Pembroke is a thriving little town of about 400 inhabitants, situated on the Louisville & Nashville Railroad, ten miles south of Hopkinsville. Its founder was R. C. Jameson, who at first (about 1848-49) kept the post office in his private residence, but afterward built a storehouse at the junction of the Tobacco and Nashville roads to which he removed it. It has a score or more of business houses, a church, a flouring-mill, a planing-mill, two tobacco warehouses, a rehandling establishment, several shops, and last but not least two excellent schools. One of these, the Pembroke Male and Female Institute, is taught by Prof. E. J. Murphy, and has an average attendance of from thirty to forty pupils of both sexes; the other is also a mixed school, taught by Prof. V. A. Garnett, who has about the same number of scholars. Both schools include in their curriculum, music, presided over by Mrs. Peay, and all the branches of a scientific and literary course.
Of professional gentlemen, Pembroke boasts three lawyers, one of them an ex-State Senator, Hon. C. N. Pendleton, and seven physicians, Drs. W. H. Marshall, B. L. Leavell, J. 0. Brown, D. E. Bell, J. M. Robinson, and Robert and John Morrison. The town does a present business valued at $300,000, and gives promise of future and increased prosperity.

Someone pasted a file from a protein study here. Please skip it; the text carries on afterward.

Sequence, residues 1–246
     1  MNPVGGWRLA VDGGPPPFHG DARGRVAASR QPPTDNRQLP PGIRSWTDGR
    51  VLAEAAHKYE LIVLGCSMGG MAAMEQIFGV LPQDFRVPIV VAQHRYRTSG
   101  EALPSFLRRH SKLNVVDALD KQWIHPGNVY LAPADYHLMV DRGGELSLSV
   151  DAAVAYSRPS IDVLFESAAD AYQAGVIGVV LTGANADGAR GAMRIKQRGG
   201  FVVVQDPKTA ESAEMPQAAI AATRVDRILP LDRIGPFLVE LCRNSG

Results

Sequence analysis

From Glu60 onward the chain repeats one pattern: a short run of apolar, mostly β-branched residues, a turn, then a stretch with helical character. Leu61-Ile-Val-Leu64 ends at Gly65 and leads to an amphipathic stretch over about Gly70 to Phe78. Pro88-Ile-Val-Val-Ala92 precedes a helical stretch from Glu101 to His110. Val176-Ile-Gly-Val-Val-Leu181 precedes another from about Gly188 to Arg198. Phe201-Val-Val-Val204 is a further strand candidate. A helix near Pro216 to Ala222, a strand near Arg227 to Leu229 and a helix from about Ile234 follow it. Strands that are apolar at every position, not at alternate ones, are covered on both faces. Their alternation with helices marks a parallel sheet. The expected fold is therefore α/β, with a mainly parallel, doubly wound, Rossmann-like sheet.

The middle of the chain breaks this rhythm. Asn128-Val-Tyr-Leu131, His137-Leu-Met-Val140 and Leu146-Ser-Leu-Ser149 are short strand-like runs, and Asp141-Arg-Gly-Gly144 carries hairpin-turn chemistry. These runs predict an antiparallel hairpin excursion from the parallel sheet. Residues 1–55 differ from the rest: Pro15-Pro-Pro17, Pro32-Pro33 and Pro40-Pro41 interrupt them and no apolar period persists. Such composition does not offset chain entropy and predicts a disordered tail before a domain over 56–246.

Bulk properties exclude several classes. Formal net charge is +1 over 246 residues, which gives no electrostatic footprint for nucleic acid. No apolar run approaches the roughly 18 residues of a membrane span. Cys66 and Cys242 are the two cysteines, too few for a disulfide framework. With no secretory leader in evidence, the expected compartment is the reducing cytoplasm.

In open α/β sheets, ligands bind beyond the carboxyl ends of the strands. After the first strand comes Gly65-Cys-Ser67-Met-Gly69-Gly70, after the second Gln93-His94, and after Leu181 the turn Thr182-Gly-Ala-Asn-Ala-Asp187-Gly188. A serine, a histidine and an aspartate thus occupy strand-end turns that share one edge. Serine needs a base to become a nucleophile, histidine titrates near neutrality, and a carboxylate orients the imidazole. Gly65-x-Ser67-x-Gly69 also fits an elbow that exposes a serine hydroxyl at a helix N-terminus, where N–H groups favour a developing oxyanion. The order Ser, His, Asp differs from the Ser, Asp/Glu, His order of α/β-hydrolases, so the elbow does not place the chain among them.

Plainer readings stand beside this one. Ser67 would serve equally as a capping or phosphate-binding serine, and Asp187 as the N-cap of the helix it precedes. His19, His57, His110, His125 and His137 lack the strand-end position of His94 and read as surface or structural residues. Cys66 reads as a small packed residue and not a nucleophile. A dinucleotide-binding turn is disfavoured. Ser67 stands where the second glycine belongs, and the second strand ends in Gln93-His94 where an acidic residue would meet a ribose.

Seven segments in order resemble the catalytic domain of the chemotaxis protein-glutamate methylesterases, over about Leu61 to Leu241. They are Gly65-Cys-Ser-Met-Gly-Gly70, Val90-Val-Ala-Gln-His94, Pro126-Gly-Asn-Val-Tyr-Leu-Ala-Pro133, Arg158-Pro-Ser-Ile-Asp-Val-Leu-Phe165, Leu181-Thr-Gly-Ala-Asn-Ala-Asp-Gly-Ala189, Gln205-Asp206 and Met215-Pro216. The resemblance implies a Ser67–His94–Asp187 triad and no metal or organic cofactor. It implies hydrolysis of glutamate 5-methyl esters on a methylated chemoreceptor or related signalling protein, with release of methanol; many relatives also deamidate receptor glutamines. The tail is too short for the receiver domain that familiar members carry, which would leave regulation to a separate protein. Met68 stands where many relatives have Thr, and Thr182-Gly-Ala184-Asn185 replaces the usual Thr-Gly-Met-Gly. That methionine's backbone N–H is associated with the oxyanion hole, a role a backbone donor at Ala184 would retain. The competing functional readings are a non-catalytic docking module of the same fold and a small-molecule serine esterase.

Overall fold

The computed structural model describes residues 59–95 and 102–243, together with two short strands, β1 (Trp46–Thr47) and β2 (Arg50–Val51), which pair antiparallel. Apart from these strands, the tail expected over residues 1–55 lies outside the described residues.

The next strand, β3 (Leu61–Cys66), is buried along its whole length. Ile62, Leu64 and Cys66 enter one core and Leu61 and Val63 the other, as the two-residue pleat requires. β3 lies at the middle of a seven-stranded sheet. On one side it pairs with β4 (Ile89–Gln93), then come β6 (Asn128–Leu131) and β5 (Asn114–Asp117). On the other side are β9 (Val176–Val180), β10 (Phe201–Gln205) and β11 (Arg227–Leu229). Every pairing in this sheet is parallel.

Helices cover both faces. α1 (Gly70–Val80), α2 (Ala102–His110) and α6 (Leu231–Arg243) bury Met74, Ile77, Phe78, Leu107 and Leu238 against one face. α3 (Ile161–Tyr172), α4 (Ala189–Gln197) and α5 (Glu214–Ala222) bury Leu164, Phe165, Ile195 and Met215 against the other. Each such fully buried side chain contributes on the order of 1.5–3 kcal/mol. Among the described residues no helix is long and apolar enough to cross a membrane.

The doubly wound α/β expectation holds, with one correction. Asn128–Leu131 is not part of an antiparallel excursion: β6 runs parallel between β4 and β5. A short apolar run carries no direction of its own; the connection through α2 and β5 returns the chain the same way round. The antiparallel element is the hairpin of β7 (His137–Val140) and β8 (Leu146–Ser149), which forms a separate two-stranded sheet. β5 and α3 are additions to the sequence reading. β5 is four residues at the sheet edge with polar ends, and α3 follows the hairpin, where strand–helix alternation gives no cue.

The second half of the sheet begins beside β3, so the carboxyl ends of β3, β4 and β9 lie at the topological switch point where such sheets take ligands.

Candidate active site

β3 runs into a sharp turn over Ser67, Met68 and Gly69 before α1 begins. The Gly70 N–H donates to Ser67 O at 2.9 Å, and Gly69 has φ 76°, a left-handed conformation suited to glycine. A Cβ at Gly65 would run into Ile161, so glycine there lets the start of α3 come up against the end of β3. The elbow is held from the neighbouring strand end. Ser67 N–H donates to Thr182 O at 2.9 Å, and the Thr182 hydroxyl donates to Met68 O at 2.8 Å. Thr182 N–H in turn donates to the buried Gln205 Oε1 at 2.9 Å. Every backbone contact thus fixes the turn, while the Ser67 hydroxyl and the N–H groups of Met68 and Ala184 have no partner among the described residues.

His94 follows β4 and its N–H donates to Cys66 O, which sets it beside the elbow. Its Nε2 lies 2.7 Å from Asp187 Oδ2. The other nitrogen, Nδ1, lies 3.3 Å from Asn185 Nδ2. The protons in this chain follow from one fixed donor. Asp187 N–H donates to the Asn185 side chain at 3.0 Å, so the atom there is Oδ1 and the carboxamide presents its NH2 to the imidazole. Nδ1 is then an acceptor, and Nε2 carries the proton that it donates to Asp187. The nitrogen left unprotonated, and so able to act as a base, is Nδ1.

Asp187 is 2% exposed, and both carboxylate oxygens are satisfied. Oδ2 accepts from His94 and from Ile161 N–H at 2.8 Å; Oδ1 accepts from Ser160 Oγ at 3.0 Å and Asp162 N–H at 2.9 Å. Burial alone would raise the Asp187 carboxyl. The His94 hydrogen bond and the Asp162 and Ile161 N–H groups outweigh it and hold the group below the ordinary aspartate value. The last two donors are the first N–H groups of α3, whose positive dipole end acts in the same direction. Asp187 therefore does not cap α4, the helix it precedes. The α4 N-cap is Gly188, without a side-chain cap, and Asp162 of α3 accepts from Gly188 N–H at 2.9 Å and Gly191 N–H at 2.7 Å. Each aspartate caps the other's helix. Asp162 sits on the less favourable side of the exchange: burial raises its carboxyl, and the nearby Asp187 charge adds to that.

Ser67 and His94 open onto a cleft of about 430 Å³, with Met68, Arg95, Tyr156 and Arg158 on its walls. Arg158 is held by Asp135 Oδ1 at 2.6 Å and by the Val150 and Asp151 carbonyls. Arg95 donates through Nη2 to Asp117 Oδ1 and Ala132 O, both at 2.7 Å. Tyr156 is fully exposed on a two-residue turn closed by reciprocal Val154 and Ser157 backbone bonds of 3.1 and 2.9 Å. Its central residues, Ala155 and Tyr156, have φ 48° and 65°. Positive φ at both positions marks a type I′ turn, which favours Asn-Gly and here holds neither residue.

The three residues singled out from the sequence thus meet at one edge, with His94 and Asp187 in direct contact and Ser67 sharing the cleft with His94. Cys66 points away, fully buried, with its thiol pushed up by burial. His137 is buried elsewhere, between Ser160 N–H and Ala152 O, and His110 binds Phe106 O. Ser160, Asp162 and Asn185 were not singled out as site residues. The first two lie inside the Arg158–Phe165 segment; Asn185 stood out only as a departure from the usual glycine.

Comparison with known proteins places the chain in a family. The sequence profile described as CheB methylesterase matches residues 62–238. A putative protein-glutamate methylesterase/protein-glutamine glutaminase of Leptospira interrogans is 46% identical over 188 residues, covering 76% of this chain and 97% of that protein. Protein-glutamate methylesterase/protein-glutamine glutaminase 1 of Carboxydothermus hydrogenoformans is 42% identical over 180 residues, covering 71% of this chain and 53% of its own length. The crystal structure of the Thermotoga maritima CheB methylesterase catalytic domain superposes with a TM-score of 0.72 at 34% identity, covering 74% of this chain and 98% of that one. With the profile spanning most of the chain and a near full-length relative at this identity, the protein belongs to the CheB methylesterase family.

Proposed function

There are a number of excellent flouring-mills in the several precincts that do a large and flourishing business, but want of space forbids their mention. Like the other parts of southern Christian most of the lands are well adapted to the growth of corn and wheat, and keep the mills well supplied with grist.”
There are no special geological, topographical or agricultural features of these, that do not apply to all the other precincts of south Christian. The formations are of the ” cavernous limestone ” variety, the surface more or less undulating, and the soil generally adapted to the growth of all the cereals, tobacco, and the various grasses.